Proper Strumming Techniques

One of the most common challenges that beginner guitar players have is developing proper strumming techniques and learning how to figure strum patterns for songs.

David Taub from Next Level Guitar put together some tips and a free video lesson to help you along in your guitar journey.

This lesson is designed more for beginners but more seasoned players may find some benefit from it.


QUESTION: Hey David, my strumming sounds very stiff and my down-strums sound much louder than my up-strums. What can I do about this??! I'm getting frustrated trying to learn strum patterns. HELP!!

ANSWER: Okay, before I give you some killer tips to fix this, let me say that I created an awesome, “all-in-one” solution to all things strumming. It's called “Strumming & Rhythm Techniques Made Simple and you can check it out here.

Okay, now let's talk about strumming! Strumming/strum patterns and rhythm is a very common challenge to beginner players. To help you with these challenges I want to share some tips and also a video lesson on how to take the frustration out of strumming and rhythm.


Let's start with the proper strumming mechanics – the physical movement of hitting the strings and movement of your strumming hand and arm.

First, I will list out some tips below and then you can watch me demonstrate the techniques in the video lesson below. Remember, the proper technique is pretty critical in getting a loose, rhythmic feel!


1. Do NOT lock the wrist or be too “wristy.” You want a very loose feel and you get this by using your arm and not your wrist. Picking is more wrist – strumming is more arm. I see so many students who try to play with this tight locked wrist and very herky-jerky strumming motions. Keep a loose feel and remember not to tighten the wrist or arm. Just hold the pick tight enough so it doesn't spin in your hand – loose feel is key!

2. Bend at the ELBOW. Remember to use the arm and pivot at the elbow — its all in the arm! Bend the arm at the elbow and let gravity drop the arm through the strings. Pretend like your elbow is the hinge and you are dropping the arm straight down and back up.

3. Have a wide swath or distance of strum. Exaggerate the strum movement from the top of the guitar body to the bottom of body, a very wide, long swath — just don't strum from the top of low E string to bottom of high e string, that's too narrow. You want wide long strum swaths.

4. Let the pick and gravity do the work. Once you make contact with the strings let gravity send that pick cutting through the strings and keep bending at the elbow and don't lock the wrist. Also, glide the pick through the strings. Don't bury the pick way deep into the strings as you will have to fight to get it out and then to the next string — just the tip of the pick is all you need. That, along with gravity and a bent elbow and you are golden!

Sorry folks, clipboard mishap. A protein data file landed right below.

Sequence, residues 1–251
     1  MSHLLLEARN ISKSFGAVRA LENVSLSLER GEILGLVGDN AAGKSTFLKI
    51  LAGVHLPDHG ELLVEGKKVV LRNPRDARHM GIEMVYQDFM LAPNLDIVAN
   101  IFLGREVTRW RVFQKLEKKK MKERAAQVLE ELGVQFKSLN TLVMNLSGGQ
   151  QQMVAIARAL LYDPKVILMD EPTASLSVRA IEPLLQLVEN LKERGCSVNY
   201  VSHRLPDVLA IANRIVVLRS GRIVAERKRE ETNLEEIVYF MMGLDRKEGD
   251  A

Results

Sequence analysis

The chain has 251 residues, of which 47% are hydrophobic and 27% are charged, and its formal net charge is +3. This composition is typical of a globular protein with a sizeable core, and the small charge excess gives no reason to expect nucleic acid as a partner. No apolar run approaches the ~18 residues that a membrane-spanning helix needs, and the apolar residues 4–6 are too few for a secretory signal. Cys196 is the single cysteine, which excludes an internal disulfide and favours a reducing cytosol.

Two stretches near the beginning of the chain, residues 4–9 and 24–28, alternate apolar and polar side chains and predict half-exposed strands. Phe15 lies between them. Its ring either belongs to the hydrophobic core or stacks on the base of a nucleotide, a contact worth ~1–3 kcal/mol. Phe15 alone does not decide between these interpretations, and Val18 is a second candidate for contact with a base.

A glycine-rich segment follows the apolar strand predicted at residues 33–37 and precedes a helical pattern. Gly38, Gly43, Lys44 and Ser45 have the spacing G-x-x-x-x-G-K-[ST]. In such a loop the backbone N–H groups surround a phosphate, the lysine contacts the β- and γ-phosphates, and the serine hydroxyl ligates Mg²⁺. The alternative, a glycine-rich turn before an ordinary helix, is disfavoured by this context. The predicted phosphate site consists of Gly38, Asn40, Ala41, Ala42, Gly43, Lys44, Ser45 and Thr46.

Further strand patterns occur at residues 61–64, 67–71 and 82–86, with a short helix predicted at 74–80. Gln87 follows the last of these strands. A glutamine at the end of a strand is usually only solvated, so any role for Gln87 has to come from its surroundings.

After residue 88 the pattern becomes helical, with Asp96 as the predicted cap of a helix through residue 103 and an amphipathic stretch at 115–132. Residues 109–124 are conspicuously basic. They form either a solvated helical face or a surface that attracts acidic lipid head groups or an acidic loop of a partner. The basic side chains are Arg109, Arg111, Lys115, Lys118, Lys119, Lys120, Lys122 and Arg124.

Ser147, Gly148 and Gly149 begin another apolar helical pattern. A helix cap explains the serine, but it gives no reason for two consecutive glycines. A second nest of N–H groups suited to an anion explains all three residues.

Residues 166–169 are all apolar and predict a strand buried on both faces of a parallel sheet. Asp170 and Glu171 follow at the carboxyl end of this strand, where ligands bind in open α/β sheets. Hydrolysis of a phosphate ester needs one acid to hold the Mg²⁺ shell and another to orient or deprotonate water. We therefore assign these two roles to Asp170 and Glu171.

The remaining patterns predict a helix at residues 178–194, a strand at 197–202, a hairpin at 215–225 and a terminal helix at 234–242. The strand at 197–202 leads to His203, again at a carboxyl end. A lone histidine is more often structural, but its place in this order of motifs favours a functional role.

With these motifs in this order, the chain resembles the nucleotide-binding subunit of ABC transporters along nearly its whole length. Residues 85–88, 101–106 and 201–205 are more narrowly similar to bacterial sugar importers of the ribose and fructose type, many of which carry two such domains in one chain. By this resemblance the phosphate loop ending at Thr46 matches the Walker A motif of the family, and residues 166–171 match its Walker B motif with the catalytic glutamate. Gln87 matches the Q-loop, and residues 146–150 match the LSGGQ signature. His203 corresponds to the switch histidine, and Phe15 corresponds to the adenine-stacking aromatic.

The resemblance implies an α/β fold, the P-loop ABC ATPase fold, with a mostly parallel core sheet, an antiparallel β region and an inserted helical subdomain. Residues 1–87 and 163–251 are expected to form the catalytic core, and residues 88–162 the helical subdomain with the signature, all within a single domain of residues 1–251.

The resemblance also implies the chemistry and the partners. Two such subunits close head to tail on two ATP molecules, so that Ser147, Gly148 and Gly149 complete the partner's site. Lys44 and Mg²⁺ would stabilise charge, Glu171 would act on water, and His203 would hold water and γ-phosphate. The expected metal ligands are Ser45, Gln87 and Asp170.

5. Have a consistent VERTICAL plane. The strum should be very vertical from top to bottom. Don't trail off your strum at the end of the down-strum as this will move the pick away from the guitar body. Then you wont be hitting all the strings and your chords won't be full sounding. Keep that strum in a straight vertical plane working through all the strings up and down.

Now watch this video lesson where I demonstrate all the above techniques and remove the mystery of learning strum patterns.


I also teach you how to break strums down and how to understand and digest them rhythmically – This was part of a series of lessons with this one covering strumming and rhythm.

After you watch the above lesson and start practicing these techniques, your strumming will improve quickly, I promise!!


Would you like to learn every secret I know about strumming and rhythm?

Then check out this 3-DVD course that leaves no strumming stone unturned. You will learn to play rhythmically by feel and eventually be able to hear the rhythms and play strums just by listening to them by ear. You will learn how to unlock an endless array of strum patterns and rhythms to expand your repertoire.

Whether you play acoustic or electric it does not matter as this DVD course takes the frustration out of learning to strum and the frustration out of learning strum patterns. You will also learn how to embellish your rhythms to get your rhythm playing sounding MUSICAL.

And these techniques are essential for any genre of music you play – whether you prefer rock, blues, pop, funk, country, bluegrass, folk, classic rock – whatever the genre – these techniques will give any guitarist invaluable tools and techniques that will be with your throughout your guitar journey.

Go here to check out this program now: